Glipizide Mechanism of Action

Physiology and Mechanism of Action

The KATP channel plays a pivotal role in the regulation of insulin secretion as a function of glucose levels. In a state of low glucose, the KATP channel remains open, leading to the hyperpolarization of the beta cell membrane and, subsequently, a reduction in insulin secretion.

However, when glucose levels rise, glucose is absorbed into the beta cells of the pancreas, which undergoes metabolic processes to generate ATP. The increase in intracellular ATP leads to the closure of the KATP channel. This results in the depolarization of the cell membrane and triggers the influx of calcium ions through voltage-gated calcium channels. The escalation in intracellular calcium concentration then stimulates the exocytosis of insulin granules, releasing insulin into the bloodstream.

Sulfonylureas function by associating with and inhibiting the SUR1 subunit of the ATP-sensitive potassium (KATP) channels, a subunit that is predominantly expressed in pancreatic beta cells. The SUR1 subunit forms one of two constituent parts of the KATP channel, the other being the Kir6.2 subunit.

By inhibiting the ATP-sensitive potassium channel, sulfonylureas prevent it from opening and causing hyperpolarization of the cell membrane in response to decreasing glucose levels. This action maintains membrane depolarization and the influx of calcium ions, thus leading to an enhancement in insulin secretion.

Besides their inhibitory effect on the KATP channel, sulfonylureas can also boost insulin release by heightening the sensitivity of beta cells to glucose. This might activate intracellular signalling pathways that encourage insulin secretion or augment the expression of other proteins involved in insulin exocytosis.

It’s important to note that various sulfonylurea drugs exhibit differing binding affinities for the SUR1 subunit and durations of action. For instance, glyburide and glimepiride demonstrate a higher binding affinity for SUR1 and a prolonged duration of action compared to tolbutamide and glipizide, which exhibit lower binding affinities and briefer durations of action.

Practice Guide for Sulfonylureas

Glipizide undergoes hepatic metabolism, transforming into multiple inactive metabolites. This process allows its clearance and elimination half-life to remain consistent even in the presence of a reduced estimated glomerular filtration rate (GFR). Therefore, glipizide is often the preferred sulfonylurea for patients with compromised kidney function.

Glibenclamide and glyburide are excreted via both biliary and renal routes after undergoing liver metabolism. However, in patients whose estimated GFR is less than 60 mL/min, the administration of these drugs is not recommended due to potential risks.

Glimepiride undergoes hepatic transformation, producing two primary metabolites, one of which has a hypoglycemic effect. In chronic kidney disease (CKD), there is a potential for these metabolites to accumulate. Thus glimepiride use is not recommended for individuals with an estimated GFR of less than 60 mL/min. Interestingly, when compared to glyburide, glimepiride is associated with less frequent occurrences of hypoglycemia.

Finally, gliclazide is metabolized into inactive metabolites which are primarily (about 80%) eliminated through the kidneys. This drug is associated with a lower risk of hypoglycemia as compared to glibenclamide and glimepiride.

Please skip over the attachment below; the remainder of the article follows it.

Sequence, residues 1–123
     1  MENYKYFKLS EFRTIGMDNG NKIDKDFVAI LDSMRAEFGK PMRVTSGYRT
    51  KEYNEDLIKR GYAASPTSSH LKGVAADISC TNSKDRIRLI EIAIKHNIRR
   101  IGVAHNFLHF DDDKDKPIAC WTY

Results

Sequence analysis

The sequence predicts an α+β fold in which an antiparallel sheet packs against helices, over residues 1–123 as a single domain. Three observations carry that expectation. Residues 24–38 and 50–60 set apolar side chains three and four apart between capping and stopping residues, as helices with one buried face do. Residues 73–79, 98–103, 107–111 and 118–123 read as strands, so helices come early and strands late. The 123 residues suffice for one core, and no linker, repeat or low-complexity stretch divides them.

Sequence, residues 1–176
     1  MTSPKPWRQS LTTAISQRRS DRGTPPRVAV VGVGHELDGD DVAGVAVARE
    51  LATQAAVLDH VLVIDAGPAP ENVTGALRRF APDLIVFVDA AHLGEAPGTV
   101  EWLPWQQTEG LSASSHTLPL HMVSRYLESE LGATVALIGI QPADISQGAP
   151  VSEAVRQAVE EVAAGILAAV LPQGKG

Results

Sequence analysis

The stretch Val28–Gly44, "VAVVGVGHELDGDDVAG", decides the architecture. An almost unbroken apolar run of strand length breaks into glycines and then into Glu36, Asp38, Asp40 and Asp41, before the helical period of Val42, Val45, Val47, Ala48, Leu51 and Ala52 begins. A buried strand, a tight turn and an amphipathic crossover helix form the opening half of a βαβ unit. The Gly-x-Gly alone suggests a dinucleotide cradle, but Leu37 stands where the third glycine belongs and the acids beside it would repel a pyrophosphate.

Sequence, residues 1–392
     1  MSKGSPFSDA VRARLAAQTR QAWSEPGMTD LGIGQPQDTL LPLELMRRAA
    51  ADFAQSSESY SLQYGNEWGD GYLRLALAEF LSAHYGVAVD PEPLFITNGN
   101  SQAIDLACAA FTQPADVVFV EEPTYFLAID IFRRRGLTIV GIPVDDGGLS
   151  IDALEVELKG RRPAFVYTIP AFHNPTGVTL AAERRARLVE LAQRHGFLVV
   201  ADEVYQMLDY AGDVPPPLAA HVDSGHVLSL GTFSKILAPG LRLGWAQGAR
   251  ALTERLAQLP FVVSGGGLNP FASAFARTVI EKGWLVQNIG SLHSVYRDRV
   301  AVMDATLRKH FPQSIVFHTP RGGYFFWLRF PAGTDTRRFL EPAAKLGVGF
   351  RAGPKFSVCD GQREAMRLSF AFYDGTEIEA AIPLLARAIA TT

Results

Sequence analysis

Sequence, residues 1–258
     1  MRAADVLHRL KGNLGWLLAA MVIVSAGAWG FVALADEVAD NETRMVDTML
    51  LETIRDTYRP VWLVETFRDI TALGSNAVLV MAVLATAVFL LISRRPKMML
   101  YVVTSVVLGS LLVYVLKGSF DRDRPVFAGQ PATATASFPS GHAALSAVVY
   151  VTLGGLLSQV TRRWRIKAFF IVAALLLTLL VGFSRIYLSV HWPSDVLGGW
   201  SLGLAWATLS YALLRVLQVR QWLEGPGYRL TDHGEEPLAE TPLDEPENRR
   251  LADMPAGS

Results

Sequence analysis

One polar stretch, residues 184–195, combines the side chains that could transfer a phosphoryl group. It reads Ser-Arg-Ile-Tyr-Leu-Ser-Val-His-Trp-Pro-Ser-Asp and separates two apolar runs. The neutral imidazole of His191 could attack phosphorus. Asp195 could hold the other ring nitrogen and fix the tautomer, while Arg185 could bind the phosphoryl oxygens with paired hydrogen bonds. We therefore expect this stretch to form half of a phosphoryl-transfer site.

Sulfonylureas (pharmacokinetic profile)

Drug Name (Trade name)Dose RangeMaximum Daily DoseFrequencyOnset of ActionDuration of Action
Glimepiride (Amaryl)1–2 mg daily8 mgOnce or twice daily2 to 3 hours24 hours
Glipizide (Glucotrol)   Glipizide (Glucotrol XL)2.5–5 mg daily20 mgOnce daily1 to 3 hours12 to 24 hours
20 mg daily20 mgDaily6 to 12 hours12 to 24 hours
Glyburide (Glynase)1.25–5 mg daily20 mgOnce or twice daily2 to 4 hours≤24 hours
Glyburide, micronized (Glynase)0.75–3 mg daily12 mgOnce or twice daily2 to 4 hours≤24 hours

Sulfonylureas, widely used antidiabetic drugs, are known to increase the risk of hypoglycemia, particularly in elderly patients and those suffering from chronic kidney disease. Other notable side effects include weight gain and the potential for gradual exhaustion of pancreatic beta-cells.

In addition, sulfonylureas have raised cardiovascular safety concerns, warranting their cautious use, especially in patients with a history of cardiovascular disease. The landmark DIGAMI trial (Diabetes Mellitus, Insulin Glucose Infusion in Acute Myocardial Infarction) of the 1990s shed light on this issue. The trial involved type 2 diabetes patients who had experienced an acute myocardial infarction (AMI). It aimed to assess the impact of intensive glucose regulation using insulin therapy on these patients. Surprisingly, the group assigned to intensive insulin treatment did not show better cardiovascular outcomes than those under conventional treatment regimens. This finding was intriguing, considering that the SUR2 subtype of the KATP channel, which sulfonylureas inhibit, is present in cardiomyocytes, and its inhibition could potentially impair coronary vasodilation and predispose ischemic cardiomyocytes to arrhythmias.

Recent studies have sought to unravel the cardiovascular safety of sulfonylureas. A notable one is the CAROLINA (Cardiovascular Outcome Study of Linagliptin vs. Glimepiride in Patients with Type 2 Diabetes) trial, a randomized controlled trial designed to directly compare the cardiovascular safety and efficacy of linagliptin and glimepiride in patients with type 2 diabetes at high cardiovascular risk. The primary endpoint was cardiovascular death, non-fatal myocardial infarction, and stroke rates among all subjects. The trial demonstrated that both treatments had similar cardiovascular outcomes, suggesting that the cardiovascular safety of sulfonylureas might be comparable to other common diabetes medications.


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